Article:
Monthly archives: January, 2008

Most Underrated Creator of 2007

Doominator says: Jeffrey Brown!

“Clumsy” is absolute garbage, but everything he’s written since then has been good in a way that makes me feel uncomfortably emo. Feeble Attempts may be one of my favorite finds of the year. His interpretation of Jesus almost makes me a prayin’ man again.

Fin Fang Doom says: Salvador LaRocca!

Uncanny X-Men 491I honestly couldn’t think of someone that was really under-rater in 2007 I until I read Jim Doom’s entry below. Ivan Reis is a great artist, but I’m not going to write about him again. But pretty much all of Jim’s entry reminded me a lot of another artist: Salvador LaRocca.

LaRocca’s been one of the utility players at Marvel for about a decade now, always churning out above average work at an above average rate. In 2007, despite not having a regular gig, LaRocca really took his game to the next level. He has begun to make each and every character he draws look unique and realistic. LaRocca’s work on Uncanny X-Men last year really stood out to me. His Storm stands out to me as probably the best representation of the character in the dozen or so years I’ve been reading X-Men comics.

LaRocca’s spent most of his career jumping between high profile books like Fantastic Four, Uncanny X-Men, X-Men and Amazing Spider-Man, but I don’t think he’s ever been considered part of that elite group of artists that for some reason are allowed to get by just drawing a few dozen covers or three issues a year. Maybe that’s a good thing, though.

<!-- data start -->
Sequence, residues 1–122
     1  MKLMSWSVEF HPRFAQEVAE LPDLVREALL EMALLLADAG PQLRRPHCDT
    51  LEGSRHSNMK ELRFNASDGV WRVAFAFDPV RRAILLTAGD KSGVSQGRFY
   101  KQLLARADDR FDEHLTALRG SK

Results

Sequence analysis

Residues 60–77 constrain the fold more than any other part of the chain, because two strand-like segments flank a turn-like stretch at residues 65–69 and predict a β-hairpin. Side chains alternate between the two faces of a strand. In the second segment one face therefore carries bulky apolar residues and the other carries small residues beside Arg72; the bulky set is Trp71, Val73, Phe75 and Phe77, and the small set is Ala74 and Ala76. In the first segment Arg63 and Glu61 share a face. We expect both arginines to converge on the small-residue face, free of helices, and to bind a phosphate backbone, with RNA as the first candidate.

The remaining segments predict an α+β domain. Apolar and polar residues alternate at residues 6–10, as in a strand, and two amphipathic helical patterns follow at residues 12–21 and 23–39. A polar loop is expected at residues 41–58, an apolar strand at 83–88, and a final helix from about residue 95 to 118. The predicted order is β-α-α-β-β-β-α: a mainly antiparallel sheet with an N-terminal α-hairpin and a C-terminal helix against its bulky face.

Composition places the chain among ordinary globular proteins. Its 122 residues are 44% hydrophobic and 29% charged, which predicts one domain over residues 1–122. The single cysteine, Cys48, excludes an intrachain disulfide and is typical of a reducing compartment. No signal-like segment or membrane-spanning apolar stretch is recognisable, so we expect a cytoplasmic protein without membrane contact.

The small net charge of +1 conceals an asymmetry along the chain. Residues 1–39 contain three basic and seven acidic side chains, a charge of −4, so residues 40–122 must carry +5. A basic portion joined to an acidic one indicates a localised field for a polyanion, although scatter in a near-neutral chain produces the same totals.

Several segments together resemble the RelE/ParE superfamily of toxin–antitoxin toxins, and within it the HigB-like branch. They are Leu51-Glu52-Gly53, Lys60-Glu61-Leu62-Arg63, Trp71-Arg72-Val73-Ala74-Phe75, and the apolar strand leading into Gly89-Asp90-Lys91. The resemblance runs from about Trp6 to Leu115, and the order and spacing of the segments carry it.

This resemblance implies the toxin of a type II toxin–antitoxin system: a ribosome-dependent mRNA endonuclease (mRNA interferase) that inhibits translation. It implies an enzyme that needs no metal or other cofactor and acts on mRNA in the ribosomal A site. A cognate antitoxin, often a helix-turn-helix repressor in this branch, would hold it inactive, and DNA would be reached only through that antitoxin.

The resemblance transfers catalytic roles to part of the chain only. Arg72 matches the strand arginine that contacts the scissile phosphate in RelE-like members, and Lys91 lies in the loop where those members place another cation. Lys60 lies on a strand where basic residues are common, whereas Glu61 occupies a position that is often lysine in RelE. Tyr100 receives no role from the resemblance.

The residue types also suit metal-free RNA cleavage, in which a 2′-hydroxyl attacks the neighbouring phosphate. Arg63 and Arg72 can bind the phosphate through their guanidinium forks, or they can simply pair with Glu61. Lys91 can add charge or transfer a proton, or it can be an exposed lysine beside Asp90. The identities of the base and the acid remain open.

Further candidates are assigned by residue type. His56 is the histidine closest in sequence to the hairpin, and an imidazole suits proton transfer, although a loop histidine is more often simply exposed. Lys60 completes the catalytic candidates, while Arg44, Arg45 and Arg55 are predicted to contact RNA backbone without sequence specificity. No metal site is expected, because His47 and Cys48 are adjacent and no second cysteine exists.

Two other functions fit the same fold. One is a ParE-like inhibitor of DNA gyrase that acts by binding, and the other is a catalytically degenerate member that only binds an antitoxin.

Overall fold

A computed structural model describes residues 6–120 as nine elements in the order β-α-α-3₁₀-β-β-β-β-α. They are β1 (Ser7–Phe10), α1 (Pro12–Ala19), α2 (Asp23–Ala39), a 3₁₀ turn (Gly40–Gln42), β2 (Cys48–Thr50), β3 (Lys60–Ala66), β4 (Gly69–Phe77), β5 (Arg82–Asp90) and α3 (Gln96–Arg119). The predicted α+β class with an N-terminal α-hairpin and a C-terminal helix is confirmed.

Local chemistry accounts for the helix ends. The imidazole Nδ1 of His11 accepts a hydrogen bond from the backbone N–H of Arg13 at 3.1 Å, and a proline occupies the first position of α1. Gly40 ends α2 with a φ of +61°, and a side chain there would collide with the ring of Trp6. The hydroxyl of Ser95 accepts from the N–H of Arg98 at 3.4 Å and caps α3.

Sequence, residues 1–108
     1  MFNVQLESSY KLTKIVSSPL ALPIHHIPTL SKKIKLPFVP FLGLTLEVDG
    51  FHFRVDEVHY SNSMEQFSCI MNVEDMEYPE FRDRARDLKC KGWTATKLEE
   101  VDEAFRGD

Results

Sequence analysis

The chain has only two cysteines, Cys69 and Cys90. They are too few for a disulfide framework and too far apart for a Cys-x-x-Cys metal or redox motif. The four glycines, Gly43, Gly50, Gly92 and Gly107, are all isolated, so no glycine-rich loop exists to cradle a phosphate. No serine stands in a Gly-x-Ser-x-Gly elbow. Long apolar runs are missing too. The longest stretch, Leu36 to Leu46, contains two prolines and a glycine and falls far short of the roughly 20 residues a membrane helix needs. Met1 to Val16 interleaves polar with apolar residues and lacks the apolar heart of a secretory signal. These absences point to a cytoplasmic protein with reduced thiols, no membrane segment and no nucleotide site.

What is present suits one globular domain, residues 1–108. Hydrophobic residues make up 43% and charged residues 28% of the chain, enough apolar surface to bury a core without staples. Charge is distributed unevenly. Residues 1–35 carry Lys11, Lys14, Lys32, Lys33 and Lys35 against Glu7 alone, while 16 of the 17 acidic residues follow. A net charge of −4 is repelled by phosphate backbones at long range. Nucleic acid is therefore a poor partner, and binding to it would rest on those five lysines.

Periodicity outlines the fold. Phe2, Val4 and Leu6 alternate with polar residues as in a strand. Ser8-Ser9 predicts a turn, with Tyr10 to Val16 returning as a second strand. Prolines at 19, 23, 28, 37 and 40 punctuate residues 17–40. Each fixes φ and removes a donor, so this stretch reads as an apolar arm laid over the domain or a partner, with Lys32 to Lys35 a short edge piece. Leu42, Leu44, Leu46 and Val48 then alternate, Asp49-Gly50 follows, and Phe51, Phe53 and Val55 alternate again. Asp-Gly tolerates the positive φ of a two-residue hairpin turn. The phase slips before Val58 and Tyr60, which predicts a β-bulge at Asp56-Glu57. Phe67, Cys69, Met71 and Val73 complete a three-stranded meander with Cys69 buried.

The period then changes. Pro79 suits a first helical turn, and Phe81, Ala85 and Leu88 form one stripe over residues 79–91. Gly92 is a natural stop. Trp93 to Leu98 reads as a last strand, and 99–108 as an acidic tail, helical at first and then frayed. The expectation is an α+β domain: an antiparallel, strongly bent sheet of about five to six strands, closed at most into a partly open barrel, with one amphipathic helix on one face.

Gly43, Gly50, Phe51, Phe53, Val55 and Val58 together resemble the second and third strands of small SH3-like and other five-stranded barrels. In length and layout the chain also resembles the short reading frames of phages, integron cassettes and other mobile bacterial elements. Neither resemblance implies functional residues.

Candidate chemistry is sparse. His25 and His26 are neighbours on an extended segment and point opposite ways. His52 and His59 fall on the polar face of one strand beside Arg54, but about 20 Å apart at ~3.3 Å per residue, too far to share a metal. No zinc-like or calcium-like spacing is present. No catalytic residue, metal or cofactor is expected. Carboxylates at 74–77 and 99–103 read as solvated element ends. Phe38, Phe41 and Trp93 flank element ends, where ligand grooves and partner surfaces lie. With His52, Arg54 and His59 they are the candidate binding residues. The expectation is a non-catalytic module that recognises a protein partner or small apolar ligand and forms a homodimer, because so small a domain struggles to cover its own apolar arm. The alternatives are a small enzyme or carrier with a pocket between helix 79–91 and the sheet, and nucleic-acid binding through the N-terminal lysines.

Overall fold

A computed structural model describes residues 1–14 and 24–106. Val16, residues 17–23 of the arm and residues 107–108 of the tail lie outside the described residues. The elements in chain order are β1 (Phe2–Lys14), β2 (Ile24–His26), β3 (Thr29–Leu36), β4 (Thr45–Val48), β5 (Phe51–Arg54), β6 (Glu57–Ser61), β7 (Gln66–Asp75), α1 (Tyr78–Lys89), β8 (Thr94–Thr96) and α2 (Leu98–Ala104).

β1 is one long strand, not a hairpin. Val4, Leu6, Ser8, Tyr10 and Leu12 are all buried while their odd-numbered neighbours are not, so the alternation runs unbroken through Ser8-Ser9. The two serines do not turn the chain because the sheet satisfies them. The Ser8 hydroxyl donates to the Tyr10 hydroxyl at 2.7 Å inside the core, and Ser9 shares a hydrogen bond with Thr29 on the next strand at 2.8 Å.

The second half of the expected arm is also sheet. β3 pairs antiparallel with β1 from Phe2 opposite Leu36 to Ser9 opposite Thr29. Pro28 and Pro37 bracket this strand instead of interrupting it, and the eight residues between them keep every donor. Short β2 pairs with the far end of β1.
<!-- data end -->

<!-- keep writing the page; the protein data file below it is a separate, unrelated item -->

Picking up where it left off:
Most Overrated Creator of 2007

Jim Doom says: I guess I’ll have to say Michael Turner!

Somebody thinks he’s good because he litters the front cover of comic books constantly and he really, really sucks. I can’t think of any other examples of such mediocre-to-awful output being so heavily rewarded.

Doominator says: Jeph Loeb!

Jeph Loeb

Wolverine vs. Sabretooth made me hate comics and the fanboys who read them with an unnecessary fight and unnecessary death. He was a second issue of Ultimates 3 away from my worst writer vote.

Fin Fang Doom says: Jeph Loeb!

I don’t think the man has done anything good since Superman/Batman. Surely everything he’s done at Marvel has been pure drivel. Wolverine, Fallen Son, Ultimates 3, and probably some other stuff I’m forgetting because it was so bad, was not good at all. Yet he’s still hailed as one of the best writers in the business, and gets to destroy the Ultimate Universe and Hulk in 2008. Go figure.

Doom DeLuise says: Paul Dini!

Everybody treats him like he’s God’s chosen one with all the stroke, but his name appears on every single damned issue of Countdown, so, like, he’s not. Oh, Alex Ross sucks, too.

Hey! Check out what we had to so about over-rated writers and artists in 2006!

Worst Single Issue of 2007

Doom Deluise says: Amazing Spider-Man #545!